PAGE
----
It’s January, which means it’s a slow month for baseball news. Many of the biggest free agents have signed, the winter meetings are finished, and the major transactions are wrapped up. Except for a waiver claim here and a minor league free-agent signing there, the Giants are ready to go for Spring Training.
So how is the roster shaping up, anyway? The good news is that you’ll recognize most of these players. The bad news is that they’re all a year older, and that could be a big deal.
Catcher: Hector Sanchez, Buster Posey
Hector Sanchez is back to play backup catcher and (possibly) Lincecum’s caddy, just like in 2012. Hector is a perfectly adequate backup catcher, and he just turned 23, which means there’s a decent chance he turn in to something more very soon. His defense could use work, as could his pitch recognition. A 52:5 K/BB ratio will have to improve before he becomes useful on offense.
Posey, as you may have heard, is coming off a campaign that ended with an NL MVP award and a World Series title. He turns 26 in March, and it’s easy to forget that he has essentially two full seasons worth of plate appearances in his career with a 146 OPS+. If he hits .314/.380/.503 in 2013 – exactly his career line, but a decent regression from his 2012 season – he’ll be just fine.
Infield: Brandon Belt, Marco Scutaro, Brandon Crawford, Pablo Sandoval, Joaquin Arias (likely on OD roster); Nick Noonan, Brett Pill, Conor Gillaspie, Ehire Adrianza (on 40-man).
There’s a lot of questions in this group. Start with the easy one: Pablo Sandoval is going to hit, he’ll probably hit well, and he might hit very well. Two hamate injuries limited Pablo to only 442 plate appearances in 2012, and the lucky thing about hamates is once you break them, doctors take them out so you can’t break them again. It isn’t out of line to expect an increase in Panda’s power output in 2013.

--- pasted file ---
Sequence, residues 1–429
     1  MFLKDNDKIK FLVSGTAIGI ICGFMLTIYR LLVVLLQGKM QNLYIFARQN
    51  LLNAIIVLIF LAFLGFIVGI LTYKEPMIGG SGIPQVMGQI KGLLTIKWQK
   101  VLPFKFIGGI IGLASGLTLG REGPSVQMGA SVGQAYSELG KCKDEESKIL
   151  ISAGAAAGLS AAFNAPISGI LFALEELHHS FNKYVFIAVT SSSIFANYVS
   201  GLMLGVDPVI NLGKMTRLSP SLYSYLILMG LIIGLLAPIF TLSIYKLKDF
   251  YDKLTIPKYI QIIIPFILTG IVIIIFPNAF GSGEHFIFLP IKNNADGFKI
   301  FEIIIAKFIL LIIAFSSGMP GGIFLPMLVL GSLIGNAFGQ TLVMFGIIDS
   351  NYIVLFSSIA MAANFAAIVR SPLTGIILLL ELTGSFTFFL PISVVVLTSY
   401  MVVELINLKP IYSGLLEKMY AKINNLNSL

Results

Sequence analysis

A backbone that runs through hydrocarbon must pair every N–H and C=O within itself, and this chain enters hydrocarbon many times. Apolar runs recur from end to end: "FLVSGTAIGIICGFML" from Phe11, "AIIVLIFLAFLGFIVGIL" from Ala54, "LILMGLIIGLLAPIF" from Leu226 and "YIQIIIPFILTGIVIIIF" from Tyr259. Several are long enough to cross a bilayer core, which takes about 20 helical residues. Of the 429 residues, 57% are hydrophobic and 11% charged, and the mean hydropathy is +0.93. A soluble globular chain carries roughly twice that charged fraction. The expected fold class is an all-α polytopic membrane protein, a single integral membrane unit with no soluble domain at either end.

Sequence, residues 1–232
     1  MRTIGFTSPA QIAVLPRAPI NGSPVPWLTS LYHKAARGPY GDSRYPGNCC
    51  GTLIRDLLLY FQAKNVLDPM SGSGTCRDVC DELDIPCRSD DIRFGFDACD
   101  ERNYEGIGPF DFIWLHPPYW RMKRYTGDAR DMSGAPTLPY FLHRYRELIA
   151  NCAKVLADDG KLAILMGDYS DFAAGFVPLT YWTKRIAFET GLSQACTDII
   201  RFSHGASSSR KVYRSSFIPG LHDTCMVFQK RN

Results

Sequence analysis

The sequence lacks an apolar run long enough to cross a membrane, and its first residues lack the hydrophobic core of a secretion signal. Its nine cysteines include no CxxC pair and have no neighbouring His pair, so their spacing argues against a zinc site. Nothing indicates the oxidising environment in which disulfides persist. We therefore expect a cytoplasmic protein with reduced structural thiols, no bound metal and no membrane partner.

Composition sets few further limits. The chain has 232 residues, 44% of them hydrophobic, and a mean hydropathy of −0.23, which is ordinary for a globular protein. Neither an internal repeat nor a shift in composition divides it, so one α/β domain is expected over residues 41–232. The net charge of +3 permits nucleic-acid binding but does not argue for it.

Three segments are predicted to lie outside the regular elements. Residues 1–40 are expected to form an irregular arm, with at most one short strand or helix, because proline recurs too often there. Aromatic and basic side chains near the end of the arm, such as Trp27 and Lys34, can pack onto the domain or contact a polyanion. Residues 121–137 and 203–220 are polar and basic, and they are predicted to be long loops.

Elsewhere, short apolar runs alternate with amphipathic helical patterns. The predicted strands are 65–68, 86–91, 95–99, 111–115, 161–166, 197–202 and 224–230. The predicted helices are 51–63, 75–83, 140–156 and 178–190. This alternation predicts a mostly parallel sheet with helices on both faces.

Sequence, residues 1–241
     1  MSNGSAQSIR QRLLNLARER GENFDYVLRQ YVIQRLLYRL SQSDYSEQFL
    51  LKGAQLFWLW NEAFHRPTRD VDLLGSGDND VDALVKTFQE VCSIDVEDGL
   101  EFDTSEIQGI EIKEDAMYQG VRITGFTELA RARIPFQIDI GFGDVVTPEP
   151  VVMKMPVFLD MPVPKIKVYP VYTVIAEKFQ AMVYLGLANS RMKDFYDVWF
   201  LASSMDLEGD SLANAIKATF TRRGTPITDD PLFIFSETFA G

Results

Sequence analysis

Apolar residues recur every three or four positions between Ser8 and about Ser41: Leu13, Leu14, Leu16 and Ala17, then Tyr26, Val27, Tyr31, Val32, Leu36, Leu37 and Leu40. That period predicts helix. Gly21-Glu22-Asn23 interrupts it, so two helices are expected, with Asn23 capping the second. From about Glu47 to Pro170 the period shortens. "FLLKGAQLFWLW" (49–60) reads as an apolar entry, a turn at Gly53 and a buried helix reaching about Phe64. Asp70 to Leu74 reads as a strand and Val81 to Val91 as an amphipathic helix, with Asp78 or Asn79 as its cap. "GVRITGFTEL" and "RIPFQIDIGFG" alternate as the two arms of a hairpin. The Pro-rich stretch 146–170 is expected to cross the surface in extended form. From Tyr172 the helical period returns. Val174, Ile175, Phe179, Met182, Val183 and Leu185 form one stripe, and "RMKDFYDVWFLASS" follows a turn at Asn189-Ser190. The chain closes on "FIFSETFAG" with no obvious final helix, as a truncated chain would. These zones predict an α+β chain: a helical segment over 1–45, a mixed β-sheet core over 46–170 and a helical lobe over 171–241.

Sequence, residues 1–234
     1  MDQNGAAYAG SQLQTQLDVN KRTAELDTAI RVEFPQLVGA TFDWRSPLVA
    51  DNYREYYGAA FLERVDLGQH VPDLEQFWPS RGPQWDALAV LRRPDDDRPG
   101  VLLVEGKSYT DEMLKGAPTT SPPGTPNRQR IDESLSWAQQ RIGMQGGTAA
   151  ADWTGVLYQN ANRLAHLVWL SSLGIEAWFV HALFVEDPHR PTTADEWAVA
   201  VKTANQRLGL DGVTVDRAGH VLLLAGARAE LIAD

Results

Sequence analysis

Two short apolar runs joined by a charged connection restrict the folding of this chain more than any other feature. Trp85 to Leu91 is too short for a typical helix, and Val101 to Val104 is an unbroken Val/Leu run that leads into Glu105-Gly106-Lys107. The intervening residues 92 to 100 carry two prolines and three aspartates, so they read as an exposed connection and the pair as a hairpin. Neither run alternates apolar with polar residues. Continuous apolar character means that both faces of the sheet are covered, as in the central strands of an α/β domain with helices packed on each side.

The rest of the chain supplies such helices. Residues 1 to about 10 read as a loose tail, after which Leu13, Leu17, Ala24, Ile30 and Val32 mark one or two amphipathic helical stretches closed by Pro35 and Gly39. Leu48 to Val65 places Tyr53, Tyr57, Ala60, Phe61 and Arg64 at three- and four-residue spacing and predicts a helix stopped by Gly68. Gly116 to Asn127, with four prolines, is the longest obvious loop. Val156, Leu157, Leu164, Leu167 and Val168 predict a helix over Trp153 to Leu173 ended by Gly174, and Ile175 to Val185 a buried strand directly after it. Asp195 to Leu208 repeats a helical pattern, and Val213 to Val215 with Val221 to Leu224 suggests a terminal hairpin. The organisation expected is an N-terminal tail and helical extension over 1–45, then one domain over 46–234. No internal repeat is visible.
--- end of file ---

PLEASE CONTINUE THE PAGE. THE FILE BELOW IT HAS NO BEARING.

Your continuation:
Brandon Crawford hit unexpectedly well in 2012, and fielded extremely well. Expect the latter to continue in 2013. If he hits .250 again like he did last year, he’ll be valuable enough to justify his spot in the starting lineup. His margin of error is pretty small, though.
Marco Scutaro hit .362/.385/.473 in 268 plate appearances after coming over from the Rockies, and then hit .328/.377/.391 in the postseason, including winning the NLCS MVP Award. He obviously won’t hit that well over the course of an entire season. His career line is .276/.340/.378, which is essentially Freddy Sanchez minus some singles and plus some walks. If he hits that he’ll be a perfectly fine starter. I hope Bochy won’t bat him second, but I suspect he will.
Brandon Belt…ah, Brandon. His 116 wRC+ looks pretty good (and it is), but it was only 8th out of 13 first basemen with 450 PA in the National League. That said, he plays good defense and he’s an alright baserunner. A poor man’s John Olerud, if you will. He turns 25 in April, and there’s a good chance that he builds on an encouraging 2012. If he can increase his slugging just a little bit – go from hitting .275/.360/.421 to .275/.360/.450, say – he’ll be an extremely valuable player.
As for the rest, Joaquin Arias will go into the season as the designated utility infielder/defensive replacement. He’s got two skills that make him valuable to this team: he can play second, short, or third, and play all of them well, and he can hit left-handed pitching. We may see him in a sort of quasi-platoon with Brandon Crawford.
That likely leaves one roster spot available for a bench infielder. Nick Noonan is my favorite to get that spot. He’s still relatively young (he turns 24 in May), he plays second and short, and he had a decent year in Fresno last year (97 wRC+). I predict Conor Gillaspie will be gone by Opening Day. He’s out of options, he’s not a good enough fielder to play third, and he’s not a good enough hitter to play first. He could see some time as an end-of-the-bench guy on an AL team, however. Ehire Adrianza is at least a year away. His glove is sublime, but he had a 64 wRC+ in Richmond this year. And I think we all know Brett Pill’s limitations. He’s old, he doesn’t walk, and he only can play first, left-field shenanigans notwithstanding.
The Giants could sign another infielder on the free agent market. Miguel Tejada Ryan Theriot is still available (LOL ROYALS) and likely would sign for cheap. I’m not the biggest Theriot fan, but it’s hard to argue with bringing him back to take the Aubrey Huff Memorial Cheerleader Roster Spot for 2013.
I’ll be back later this week with a look at the outfielders, and pitching will follow that.